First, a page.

Well it’s been around a year now since I first ordered my Ivory 16 foot Apache and having collected quite a bit of experience with it in lots of different environments and weather conditions I thought I would put my thoughts and opinions down for other people.
Apache canoes is run by a guy called Stu, and I must admit, when dealing with someone at the end of the phone he is great. He takes the time to make sure you understand where your order is and how everything is progressing. See the Apache website here I chose a 16′ model with Ash and webbing seats and Ash trim. I had Stu do the full fitting for me and was very impressed with the quality of work.
Here are a few pictures of the build, provided by Stu:
So when the canoe was finally delivered I was very impressed. Unfortunately it took several weeks for the snow to clear enough to get out on the water safely! The first trial was a small river near home:
My first feelings on this canoe were very positive, and in fact after nearly a year and several multi day canoe and camping trips they still are. The Apache canoe is very light and very responsive. However it does have some quirks and if you want to experience the best from this boat you need to understand them. The Apache can be tippy, I say can be because it’s all about how you paddle this canoe. For example if you are solo you really should load the weight carefully and sit in the bow seat facing backwards. If you can I would say to kneel as this really makes the canoe quite stable (it’s still no Old Town though!). Two up needs a little more care, the canoe is designed to be nimble and fast, and when you get used to it solo it’s probably one of the most fun canoes I have paddled (oh and it looks just great!), but put another person in the front and it does wobble.. and I mean wobble. But thats just the characteristics of this boat. Sit down, get used to its tipping point and you will soon get comfortable.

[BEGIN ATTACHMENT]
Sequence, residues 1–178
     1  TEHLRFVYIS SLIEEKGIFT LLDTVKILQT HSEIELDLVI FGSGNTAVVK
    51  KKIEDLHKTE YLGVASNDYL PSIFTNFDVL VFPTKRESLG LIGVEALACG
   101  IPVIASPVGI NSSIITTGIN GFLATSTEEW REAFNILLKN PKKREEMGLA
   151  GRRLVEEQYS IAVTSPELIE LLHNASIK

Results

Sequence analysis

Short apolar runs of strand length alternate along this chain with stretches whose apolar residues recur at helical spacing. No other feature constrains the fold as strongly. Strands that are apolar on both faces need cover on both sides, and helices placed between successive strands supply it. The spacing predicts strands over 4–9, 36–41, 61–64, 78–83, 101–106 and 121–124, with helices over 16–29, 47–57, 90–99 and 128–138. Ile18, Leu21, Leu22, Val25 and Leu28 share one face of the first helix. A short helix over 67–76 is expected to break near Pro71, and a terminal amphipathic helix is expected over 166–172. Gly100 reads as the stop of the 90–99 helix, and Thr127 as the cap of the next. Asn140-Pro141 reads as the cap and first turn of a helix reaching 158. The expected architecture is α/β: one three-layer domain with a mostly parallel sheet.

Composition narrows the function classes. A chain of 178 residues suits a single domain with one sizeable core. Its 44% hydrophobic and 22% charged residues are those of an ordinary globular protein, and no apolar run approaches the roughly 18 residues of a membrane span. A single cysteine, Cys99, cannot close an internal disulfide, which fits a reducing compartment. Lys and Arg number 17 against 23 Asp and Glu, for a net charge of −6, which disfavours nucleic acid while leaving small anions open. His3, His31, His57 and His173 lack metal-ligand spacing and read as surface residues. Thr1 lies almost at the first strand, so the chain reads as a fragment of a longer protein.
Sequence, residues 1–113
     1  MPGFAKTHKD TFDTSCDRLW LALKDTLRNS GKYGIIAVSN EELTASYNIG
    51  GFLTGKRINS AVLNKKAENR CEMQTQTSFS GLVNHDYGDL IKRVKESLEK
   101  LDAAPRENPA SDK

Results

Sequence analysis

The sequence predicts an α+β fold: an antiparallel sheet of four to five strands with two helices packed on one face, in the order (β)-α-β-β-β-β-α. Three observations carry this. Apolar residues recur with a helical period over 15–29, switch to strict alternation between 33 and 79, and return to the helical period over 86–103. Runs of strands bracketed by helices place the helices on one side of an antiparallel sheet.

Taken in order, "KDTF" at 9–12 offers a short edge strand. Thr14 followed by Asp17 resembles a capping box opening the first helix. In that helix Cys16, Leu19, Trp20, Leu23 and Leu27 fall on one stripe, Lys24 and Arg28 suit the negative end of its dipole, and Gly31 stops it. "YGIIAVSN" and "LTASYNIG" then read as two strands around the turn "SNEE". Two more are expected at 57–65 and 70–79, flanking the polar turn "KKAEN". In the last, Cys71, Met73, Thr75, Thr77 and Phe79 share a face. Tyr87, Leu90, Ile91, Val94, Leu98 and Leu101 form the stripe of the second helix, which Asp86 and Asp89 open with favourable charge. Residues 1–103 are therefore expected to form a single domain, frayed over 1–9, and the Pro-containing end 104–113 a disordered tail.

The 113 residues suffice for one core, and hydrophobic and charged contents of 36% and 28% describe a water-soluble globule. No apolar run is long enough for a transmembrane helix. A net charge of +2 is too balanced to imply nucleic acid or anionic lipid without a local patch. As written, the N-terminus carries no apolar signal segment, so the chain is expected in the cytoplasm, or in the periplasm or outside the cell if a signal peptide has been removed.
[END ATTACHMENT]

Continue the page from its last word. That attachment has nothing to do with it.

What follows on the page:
So I have done several solo trips with full gear for 5 days (well probably enough for 2 weeks onboard as I overpack ) that took in grade 2 rapids, slow deep rivers, fast current and lakes, and you know what I loved doing it in this boat. It always turned heads with other canoeists and when paddled leaned right over just cut through the water, and at all times felt like it had enough rocker that you could just dip the paddle and turn! I found that I was using a lot less effort to do the same speed than other people in more classical boats..
So any downsides? 2 up canoeing requires some skill and confidence and the shell is fibreglass and is not as hardwearing as some of the solid and heavy canoes out there, but do I worry about that? After scraping on the beach and banking rocks for nearly a year, nope – hardly any damage. And if it does get damaged, fibreglass is easy to repair! So for a canoe thats 1/2 the price of many others, with a hand finished wood trim I would recommend it… IF you are already comfortable in a canoe. If you are newbie, stick with something much more stable.. 8 of 10 from me!
I’ll finish with a few other pics. Would also be interested in what any of our readers felt about the Apache canoes.
The Canvas bow cover is home made from white canvas and shock cord that loops over small screws under the gunwhales. I think it really finishes the canoe as well as keeps the splashes off in a bit of white stuff.